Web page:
[ freyz ]
/ freɪz /
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See synonyms for: phrase / phrases / phrasing on Thesaurus.com

verb (used with object), phrased, phras·ing.
verb (used without object), phrased, phras·ing.
Music. to perform a passage or piece with proper phrasing.
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Origin of phrase

First recorded in 1520–30; (noun) back formation from phrases, plural of earlier phrasis, from Latin phrasis “diction, style” (plural phrasēs), from Greek phrásis “diction, style, speech,” equivalent to phrá(zein) “to speak” + -sis-sis; (verb) derivative of the noun

synonym study for phrase

1. Phrase, expression, idiom, locution all refer to grammatically related groups of words. A phrase is a sequence of two or more words that make up a grammatical construction, usually lacking a finite verb and hence not a complete clause or sentence: shady lane (a noun phrase); at the bottom (a prepositional phrase); very slowly (an adverbial phrase). In general use, phrase refers to any frequently repeated or memorable group of words, usually of less than sentence length or complexity: a case of feast or famine—to use the well-known phrase. Expression is the most general of these words and may refer to a word, a phrase, or even a sentence: prose filled with old-fashioned expressions. An idiom is a phrase or larger unit of expression that is peculiar to a single language or a variety of a language and whose meaning, often figurative, cannot easily be understood by combining the usual meanings of its individual parts, as to go for broke. Locution is a somewhat formal term for a word, a phrase, or an expression considered as peculiar to or characteristic of a regional or social dialect or considered as a sample of language rather than as a meaning-bearing item: a unique set of locutions heard only in the mountainous regions of the South.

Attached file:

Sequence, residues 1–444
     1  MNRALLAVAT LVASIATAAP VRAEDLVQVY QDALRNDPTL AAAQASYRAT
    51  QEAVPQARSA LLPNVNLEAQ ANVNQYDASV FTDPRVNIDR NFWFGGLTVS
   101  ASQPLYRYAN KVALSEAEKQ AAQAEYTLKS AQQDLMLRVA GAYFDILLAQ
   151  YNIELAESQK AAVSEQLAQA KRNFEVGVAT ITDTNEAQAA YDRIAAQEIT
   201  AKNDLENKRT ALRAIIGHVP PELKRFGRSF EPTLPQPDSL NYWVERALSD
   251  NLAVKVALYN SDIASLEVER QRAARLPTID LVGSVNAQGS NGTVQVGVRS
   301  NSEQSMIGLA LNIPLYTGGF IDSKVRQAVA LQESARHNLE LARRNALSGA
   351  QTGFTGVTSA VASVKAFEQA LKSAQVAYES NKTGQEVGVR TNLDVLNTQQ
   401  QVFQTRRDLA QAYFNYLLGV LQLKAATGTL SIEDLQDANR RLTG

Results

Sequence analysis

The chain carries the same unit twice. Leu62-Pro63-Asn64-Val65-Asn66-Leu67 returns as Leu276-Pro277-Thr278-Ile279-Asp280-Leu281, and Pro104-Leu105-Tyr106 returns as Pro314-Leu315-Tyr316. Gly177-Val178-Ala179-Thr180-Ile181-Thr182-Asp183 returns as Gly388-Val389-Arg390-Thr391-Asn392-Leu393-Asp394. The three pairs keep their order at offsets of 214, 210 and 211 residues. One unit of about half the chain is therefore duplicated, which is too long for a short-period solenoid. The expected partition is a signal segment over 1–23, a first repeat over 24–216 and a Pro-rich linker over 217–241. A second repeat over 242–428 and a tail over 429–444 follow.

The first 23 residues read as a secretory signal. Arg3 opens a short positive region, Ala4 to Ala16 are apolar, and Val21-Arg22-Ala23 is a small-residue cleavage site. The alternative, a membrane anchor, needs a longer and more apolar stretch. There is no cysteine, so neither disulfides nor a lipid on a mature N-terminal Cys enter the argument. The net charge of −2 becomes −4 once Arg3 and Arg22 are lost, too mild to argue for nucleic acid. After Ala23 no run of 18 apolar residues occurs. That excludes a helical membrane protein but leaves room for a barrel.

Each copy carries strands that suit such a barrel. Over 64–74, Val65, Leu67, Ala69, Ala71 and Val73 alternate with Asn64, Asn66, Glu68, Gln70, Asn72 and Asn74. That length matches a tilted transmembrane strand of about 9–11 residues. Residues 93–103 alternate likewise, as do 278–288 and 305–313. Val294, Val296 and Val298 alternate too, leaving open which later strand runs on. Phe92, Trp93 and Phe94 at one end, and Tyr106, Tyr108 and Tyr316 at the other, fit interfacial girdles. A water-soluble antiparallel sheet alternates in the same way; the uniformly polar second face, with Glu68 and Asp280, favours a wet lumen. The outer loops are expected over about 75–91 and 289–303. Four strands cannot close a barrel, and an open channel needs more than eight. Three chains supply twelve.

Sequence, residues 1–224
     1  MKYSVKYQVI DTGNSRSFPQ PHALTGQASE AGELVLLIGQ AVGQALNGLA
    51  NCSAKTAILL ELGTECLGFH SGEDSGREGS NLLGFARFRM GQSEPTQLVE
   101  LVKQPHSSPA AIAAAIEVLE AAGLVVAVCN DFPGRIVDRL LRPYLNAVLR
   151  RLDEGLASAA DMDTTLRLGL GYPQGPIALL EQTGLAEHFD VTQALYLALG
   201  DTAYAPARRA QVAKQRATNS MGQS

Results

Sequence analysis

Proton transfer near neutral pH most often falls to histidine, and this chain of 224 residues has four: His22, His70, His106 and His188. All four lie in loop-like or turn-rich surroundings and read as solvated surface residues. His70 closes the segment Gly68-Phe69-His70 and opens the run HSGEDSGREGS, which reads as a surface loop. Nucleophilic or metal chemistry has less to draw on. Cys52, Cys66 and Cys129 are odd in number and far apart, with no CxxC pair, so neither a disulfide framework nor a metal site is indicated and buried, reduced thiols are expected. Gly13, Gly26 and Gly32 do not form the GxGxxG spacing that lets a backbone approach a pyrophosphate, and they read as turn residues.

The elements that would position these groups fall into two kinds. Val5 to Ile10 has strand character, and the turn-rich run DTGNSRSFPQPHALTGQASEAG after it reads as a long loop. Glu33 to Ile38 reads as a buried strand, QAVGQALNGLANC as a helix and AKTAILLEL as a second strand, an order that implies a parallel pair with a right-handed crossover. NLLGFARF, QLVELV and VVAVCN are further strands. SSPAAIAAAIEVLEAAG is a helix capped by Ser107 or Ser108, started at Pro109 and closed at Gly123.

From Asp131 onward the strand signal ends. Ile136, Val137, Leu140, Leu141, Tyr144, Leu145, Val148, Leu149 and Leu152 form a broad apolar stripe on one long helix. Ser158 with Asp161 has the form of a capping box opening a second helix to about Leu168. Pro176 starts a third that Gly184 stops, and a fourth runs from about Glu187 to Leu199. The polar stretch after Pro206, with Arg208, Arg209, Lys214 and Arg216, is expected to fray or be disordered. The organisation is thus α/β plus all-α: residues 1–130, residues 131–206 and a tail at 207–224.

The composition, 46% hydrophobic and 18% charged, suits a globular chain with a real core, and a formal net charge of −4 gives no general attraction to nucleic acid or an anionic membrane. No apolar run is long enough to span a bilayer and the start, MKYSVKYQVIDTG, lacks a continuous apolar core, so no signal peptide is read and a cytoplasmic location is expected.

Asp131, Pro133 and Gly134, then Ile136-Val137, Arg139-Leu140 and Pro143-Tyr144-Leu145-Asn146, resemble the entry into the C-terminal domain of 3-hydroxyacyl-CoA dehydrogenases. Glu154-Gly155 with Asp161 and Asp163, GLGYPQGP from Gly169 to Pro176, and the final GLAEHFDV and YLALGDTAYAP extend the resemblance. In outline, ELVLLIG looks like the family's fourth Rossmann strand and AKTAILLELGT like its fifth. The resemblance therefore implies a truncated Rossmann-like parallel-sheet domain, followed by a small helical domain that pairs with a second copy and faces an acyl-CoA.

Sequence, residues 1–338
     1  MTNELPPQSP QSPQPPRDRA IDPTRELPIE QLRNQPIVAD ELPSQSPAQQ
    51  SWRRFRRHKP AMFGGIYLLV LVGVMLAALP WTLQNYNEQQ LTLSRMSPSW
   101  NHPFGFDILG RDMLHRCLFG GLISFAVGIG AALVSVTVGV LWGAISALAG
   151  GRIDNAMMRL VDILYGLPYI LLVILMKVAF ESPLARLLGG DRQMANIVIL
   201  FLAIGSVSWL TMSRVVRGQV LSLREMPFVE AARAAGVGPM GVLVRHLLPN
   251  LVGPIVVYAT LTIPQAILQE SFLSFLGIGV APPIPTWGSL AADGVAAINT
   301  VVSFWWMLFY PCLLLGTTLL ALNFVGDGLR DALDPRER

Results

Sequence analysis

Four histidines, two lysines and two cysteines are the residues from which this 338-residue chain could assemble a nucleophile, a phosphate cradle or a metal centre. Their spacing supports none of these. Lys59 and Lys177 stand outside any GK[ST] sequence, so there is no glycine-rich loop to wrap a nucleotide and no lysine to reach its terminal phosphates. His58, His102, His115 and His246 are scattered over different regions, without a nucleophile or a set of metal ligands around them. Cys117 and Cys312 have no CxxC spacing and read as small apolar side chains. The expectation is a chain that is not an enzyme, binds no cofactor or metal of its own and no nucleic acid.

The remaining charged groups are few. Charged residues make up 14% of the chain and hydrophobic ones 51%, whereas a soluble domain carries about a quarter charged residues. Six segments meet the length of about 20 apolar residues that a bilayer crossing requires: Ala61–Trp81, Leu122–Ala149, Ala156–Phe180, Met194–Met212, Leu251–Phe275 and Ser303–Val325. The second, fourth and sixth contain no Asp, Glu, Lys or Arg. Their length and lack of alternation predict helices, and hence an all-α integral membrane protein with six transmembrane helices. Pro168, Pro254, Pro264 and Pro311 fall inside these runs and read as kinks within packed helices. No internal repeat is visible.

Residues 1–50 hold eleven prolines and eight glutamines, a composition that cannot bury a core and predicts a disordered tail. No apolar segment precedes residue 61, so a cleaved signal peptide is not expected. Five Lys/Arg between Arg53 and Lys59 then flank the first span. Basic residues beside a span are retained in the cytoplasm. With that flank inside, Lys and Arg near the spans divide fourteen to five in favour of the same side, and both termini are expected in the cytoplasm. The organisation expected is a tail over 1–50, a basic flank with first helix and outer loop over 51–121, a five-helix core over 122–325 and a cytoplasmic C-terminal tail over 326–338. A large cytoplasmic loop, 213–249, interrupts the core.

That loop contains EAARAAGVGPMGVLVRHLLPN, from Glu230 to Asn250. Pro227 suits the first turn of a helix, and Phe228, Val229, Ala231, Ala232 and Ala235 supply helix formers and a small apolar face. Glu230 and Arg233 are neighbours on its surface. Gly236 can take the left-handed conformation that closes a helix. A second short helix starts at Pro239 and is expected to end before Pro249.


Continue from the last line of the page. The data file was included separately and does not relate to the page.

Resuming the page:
mis·phrase, verb (used with object), mis·phrased, mis·phras·ing.un·phrased, adjective


frays, phrase
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How to use phrase in a sentence

British Dictionary definitions for phrase

/ (freɪz) /

a group of words forming an immediate syntactic constituent of a clauseCompare clause (def. 1), noun phrase, verb phrase
a particular expression, esp an original one
music a small group of notes forming a coherent unit of melody
(in choreography) a short sequence of dance movements
verb (tr)
music to divide (a melodic line, part, etc) into musical phrases, esp in performance
to express orally or in a phrase

Word Origin for phrase

C16: from Latin phrasis, from Greek: speech, from phrazein to declare, tell
Collins English Dictionary - Complete & Unabridged 2012 Digital Edition © William Collins Sons & Co. Ltd. 1979, 1986 © HarperCollins Publishers 1998, 2000, 2003, 2005, 2006, 2007, 2009, 2012

Cultural definitions for phrase


A group of grammatically connected words within a sentence: “One council member left in a huff”; “She got much satisfaction from planting daffodil bulbs.” Unlike clauses, phrases do not have both a subject and a predicate.

The New Dictionary of Cultural Literacy, Third Edition Copyright © 2005 by Houghton Mifflin Harcourt Publishing Company. Published by Houghton Mifflin Harcourt Publishing Company. All rights reserved.